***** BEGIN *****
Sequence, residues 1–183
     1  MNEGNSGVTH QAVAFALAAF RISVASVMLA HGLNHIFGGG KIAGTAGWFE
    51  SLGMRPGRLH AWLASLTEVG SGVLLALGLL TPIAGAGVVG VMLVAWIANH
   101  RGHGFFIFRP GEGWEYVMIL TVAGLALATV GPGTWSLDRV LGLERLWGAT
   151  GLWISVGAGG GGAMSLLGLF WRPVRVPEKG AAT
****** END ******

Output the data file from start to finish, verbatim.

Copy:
Sequence, residues 1–183
     1  MNEGNSGVTH QAVAFALAAF RISVASVMLA HGLNHIFGGG KIAGTAGWFE
    51  SLGMRPGRLH AWLASLTEVG SGVLLALGLL TPIAGAGVVG VMLVAWIANH
   101  RGHGFFIFRP GEGWEYVMIL TVAGLALATV GPGTWSLDRV LGLERLWGAT
   151  GLWISVGAGG GGAMSLLGLF WRPVRVPEKG AAT